This is the raunchiest bar in the city, by far. This windowless den of iniquity is where you might find a dude in full latex nonchalantly nursing a beer at the bar 12 inches from a go-go dancer’s feet. Until recently, this was the rare gay bar where it was genuinely a bad idea to bring a straight female friend, but even the Powerhouse evolves -- and the once deadly-serious vibe has acquired a smutty sense of humor about itself. You can still meet a Daddy or a Sir here, but now there’s also Powerblouse, Juanita MORE!’s monthly event where a drag newbie gets a full makeover.

The Mix


The most reliable standby in a neighborhood filled with loud bars
Is it pretty? Not especially. Does it throw parties or nights? Nope. But The Mix has two unimpeachably strong pluses going for it. First, it opens unusually early (7am on weekdays, 6am on weekends) for the benefit of third-shift workers and inveterate party animals. Second, it’s got a terraced patio with a back bar where conversation is easy, every angle is a good one, and the attitude levels are refreshingly low. You’d be hard-pressed to find a more consistently fun place to be once happy hour is over than this quintessential neighborhood bar. Smoking is permitted, but kindly leave that cannabis in your pocket.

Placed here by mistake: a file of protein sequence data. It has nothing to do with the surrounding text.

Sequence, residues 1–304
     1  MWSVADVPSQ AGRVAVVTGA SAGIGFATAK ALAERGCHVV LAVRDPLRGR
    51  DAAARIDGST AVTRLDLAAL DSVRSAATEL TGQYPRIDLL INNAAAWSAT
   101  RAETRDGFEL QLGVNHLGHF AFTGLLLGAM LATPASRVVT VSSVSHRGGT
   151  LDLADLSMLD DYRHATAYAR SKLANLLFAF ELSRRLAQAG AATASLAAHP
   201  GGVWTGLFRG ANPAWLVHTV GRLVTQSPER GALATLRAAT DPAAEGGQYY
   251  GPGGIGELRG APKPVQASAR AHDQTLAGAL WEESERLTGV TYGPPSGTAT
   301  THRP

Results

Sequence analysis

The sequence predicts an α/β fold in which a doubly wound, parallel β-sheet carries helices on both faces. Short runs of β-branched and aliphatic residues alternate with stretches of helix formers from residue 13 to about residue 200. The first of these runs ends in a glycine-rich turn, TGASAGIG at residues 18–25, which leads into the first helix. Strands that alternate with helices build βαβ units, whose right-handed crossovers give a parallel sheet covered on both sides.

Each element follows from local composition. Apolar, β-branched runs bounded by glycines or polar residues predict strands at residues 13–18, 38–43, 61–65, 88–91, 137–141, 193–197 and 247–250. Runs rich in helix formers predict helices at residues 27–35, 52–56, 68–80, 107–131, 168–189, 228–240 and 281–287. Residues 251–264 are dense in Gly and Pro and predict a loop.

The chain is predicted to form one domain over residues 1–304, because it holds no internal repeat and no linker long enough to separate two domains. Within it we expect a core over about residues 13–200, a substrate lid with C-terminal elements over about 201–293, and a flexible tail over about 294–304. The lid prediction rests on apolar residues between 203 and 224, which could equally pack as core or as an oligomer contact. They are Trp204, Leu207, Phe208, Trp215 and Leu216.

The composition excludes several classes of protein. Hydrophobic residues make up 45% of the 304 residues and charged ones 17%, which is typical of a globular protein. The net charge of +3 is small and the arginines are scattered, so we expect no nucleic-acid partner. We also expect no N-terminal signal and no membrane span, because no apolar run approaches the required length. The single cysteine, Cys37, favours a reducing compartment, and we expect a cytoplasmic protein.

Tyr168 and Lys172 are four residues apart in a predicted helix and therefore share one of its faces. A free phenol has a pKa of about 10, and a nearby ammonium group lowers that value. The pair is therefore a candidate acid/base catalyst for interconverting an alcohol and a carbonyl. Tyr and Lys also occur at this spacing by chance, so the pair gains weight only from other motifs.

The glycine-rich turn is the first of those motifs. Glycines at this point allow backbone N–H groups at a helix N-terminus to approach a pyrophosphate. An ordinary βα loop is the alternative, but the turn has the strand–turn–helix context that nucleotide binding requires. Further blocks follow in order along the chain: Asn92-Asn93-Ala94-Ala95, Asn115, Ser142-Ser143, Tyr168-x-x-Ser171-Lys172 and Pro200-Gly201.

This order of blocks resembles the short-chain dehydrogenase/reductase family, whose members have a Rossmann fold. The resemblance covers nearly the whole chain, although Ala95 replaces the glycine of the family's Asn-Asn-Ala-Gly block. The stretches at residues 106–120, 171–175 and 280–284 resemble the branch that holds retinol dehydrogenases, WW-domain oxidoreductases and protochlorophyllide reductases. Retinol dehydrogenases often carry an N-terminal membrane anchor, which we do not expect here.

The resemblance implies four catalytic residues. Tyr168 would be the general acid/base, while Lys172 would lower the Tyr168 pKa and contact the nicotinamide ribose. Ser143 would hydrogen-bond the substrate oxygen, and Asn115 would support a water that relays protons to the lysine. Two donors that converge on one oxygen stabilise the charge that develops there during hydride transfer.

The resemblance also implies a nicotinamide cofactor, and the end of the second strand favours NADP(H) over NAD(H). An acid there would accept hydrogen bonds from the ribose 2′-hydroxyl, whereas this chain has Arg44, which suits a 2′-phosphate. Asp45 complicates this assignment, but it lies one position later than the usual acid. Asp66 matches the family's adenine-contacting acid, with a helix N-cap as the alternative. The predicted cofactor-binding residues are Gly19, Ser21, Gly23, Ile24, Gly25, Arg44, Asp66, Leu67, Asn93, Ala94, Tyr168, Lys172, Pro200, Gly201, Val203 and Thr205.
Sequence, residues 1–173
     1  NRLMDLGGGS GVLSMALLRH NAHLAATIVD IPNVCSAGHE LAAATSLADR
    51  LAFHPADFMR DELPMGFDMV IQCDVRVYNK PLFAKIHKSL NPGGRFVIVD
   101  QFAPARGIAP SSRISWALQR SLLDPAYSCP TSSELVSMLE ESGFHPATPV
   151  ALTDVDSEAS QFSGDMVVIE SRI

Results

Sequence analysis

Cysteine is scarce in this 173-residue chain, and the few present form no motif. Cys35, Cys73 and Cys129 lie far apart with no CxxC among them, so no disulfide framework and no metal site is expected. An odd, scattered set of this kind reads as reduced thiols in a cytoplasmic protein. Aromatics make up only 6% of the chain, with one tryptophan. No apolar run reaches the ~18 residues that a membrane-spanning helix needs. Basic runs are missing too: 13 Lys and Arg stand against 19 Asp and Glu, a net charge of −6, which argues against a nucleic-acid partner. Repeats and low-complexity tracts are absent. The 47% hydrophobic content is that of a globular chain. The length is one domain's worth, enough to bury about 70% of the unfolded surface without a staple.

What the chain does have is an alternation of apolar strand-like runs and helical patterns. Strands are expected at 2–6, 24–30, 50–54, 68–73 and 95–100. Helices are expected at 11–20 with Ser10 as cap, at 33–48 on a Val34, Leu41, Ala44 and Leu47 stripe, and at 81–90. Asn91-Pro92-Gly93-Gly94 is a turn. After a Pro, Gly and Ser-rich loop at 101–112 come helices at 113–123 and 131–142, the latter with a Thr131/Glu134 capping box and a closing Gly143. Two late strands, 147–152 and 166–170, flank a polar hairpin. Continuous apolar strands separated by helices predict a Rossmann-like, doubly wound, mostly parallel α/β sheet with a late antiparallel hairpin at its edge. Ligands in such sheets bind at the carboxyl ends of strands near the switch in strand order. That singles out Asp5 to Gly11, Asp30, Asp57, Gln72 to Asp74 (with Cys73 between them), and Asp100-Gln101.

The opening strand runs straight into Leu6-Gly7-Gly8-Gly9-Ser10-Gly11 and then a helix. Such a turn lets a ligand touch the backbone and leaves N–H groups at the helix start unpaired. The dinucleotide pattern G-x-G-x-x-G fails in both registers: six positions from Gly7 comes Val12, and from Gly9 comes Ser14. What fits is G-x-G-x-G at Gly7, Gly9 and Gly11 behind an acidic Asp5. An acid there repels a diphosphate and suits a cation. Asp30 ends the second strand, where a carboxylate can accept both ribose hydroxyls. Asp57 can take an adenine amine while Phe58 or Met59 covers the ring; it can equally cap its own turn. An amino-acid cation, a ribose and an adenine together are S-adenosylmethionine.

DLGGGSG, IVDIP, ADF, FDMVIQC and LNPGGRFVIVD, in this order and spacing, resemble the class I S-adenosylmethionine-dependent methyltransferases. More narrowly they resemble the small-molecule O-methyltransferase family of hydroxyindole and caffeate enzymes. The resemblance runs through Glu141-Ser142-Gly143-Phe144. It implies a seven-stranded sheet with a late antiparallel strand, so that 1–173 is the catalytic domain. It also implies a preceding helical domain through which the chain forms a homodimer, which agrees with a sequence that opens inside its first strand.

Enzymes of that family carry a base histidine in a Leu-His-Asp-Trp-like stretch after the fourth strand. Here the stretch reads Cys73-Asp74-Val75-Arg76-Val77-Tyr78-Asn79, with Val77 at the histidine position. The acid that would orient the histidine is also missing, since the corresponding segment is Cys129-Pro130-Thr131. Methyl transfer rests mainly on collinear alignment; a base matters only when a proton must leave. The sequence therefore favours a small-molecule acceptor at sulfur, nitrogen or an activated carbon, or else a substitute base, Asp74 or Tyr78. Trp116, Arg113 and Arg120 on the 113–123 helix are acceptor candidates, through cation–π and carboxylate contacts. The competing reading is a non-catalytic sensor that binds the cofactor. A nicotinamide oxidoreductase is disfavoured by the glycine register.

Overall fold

Twin Peaks


Have a martini and watch people come and go on Jane Warner Plaza
Yeah, yeah: “The Glass Coffin.” We know. So does every patron in there, because it is they who coined that mean-sounding nickname for their own long-time hangout. One of the first gay spaces that allowed passers-by to see who happened to be in there, Twin Peaks is a friendly and downright elegant place for a cocktail -- especially on the mezzanine. The crowd is older, and the bon mots more Wildean, but Twin Peaks is in its own category, with unparalleled people-watching. And if you use the restroom at the right time, you will smell fresh-baked confections emanating from Hot Cookie next door.



Finally, the Mission has a place for women who love women
After the Lexington Club closed in 2015, San Francisco went years without a proper lesbian bar. Technically, it still lacks one, because Jolene’s is a welcoming place -- particularly for trans people. A queer space with its finger on the pulse of the zeitgeist and the new home of legendary party UHaul, Jolene’s is simultaneously a club, a bar with craft cocktails, and a restaurant whose kitchen stays open late (hello popcorn chicken served until 1am). Since bottomlessness can’t be topped, start your weekend brunch off right with mimosas and some excellent coffee -- and thank the goddess there’s a new spot for women who love women to have a great time.

Honorable Mentions: The Midnight Sun, The Cinch, The Edge, The Hole-in-the-Wall, QBar

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Mark Oppenheimer is a total gaylord who has been doing his part to keep SF queer bars in business since the days of